This information is accurate as of the fellowship year indicated for each fellow.
Evie Shockley is the author of three books of poetry—semiautomatic (Wesleyan University Press, 2017), which was a finalist for the Pulitzer Prize in poetry and the Los Angeles Times Book Prize in poetry; the new black (Wesleyan University Press, 2011), winner of the Hurston/Wright Legacy Award in Poetry; and a half-red sea (Carolina Wren Press, 2006)—as well as a critical monograph, Renegade Poetics: Black Aesthetics and Formal Innovation in African American Poetry (University of Iowa Press, 2011). Specializing in 20th-century African American literature, contemporary poetry and poetics, and black studies, she is a professor of English at Rutgers University–New Brunswick.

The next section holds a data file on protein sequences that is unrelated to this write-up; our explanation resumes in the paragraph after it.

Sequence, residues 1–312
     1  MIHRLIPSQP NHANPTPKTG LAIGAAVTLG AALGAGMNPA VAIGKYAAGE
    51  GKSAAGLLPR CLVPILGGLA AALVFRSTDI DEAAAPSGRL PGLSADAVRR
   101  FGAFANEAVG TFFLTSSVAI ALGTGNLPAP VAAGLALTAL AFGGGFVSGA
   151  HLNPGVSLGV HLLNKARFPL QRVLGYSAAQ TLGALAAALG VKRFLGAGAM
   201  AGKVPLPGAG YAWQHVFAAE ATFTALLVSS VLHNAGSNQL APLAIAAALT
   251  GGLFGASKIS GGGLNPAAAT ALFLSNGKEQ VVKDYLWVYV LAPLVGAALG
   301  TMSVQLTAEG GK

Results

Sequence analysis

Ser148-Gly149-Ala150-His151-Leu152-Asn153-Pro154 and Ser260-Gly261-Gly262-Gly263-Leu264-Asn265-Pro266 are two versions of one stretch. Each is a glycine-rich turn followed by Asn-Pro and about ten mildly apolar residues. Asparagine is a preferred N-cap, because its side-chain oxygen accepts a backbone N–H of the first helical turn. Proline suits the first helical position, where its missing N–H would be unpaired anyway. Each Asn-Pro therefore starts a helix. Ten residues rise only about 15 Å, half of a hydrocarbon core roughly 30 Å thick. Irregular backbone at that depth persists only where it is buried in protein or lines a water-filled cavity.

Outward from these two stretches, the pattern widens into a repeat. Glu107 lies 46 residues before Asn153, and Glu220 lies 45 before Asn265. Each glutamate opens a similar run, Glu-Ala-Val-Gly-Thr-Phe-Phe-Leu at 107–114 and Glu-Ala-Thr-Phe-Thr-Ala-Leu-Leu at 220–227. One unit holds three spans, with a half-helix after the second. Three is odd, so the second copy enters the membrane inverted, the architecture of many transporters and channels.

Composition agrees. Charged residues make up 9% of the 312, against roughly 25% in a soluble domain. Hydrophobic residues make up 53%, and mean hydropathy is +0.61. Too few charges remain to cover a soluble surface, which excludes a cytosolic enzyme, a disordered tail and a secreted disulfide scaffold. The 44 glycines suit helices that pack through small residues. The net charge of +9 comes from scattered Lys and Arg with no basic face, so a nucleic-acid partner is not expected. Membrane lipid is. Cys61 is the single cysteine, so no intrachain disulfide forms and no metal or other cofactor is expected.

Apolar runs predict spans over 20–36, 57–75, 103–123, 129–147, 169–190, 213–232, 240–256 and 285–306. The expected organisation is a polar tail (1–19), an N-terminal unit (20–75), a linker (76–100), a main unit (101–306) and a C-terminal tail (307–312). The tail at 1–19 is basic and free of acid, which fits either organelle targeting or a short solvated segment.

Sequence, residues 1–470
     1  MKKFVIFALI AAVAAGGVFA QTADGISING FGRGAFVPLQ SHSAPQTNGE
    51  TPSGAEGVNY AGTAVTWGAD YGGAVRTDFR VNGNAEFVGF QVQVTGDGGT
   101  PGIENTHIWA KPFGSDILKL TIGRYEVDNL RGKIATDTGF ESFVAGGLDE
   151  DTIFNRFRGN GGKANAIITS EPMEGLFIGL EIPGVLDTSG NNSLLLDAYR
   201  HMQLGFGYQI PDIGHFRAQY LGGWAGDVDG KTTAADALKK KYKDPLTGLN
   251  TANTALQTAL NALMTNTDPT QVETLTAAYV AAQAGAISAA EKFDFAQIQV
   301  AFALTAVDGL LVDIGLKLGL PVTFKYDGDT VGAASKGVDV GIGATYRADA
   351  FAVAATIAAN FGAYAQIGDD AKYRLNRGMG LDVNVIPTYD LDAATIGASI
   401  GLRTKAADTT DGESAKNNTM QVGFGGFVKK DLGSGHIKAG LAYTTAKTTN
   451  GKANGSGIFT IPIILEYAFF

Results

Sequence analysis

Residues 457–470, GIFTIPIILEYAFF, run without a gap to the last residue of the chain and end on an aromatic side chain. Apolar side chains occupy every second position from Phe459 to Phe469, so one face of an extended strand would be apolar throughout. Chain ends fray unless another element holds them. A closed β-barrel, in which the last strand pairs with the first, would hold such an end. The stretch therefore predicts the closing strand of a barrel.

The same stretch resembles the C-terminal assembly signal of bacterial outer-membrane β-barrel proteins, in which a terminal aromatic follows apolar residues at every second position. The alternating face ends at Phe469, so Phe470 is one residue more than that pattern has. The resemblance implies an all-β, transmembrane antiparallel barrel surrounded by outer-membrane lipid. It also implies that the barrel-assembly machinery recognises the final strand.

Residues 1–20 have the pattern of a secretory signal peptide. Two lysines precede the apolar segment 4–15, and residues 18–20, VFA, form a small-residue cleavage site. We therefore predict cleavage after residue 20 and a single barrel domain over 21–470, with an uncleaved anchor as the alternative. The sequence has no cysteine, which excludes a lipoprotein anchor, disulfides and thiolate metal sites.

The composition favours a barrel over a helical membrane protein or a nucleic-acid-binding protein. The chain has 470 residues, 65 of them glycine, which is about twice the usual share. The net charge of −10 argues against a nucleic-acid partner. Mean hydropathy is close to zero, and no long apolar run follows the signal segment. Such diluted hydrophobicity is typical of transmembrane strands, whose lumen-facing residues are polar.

During her year at the Radcliffe Institute, Shockley is working on a book-length long poem in which a group of people, after confronting a barely averted environmental apocalypse, must grapple with what it means to be human in a dramatically changed world.
Shockley’s work has been supported by fellowships from the Schomburg Center for Research in Black Culture of the New York Public Library and the American Council of Learned Societies. Her honors include the Stephen Henderson Award, for outstanding achievement in poetry, and the Theodore H. Holmes ’51 and Bernice Holmes National Poetry Prize. She holds a JD from the University of Michigan Law School and a PhD in English from Duke University.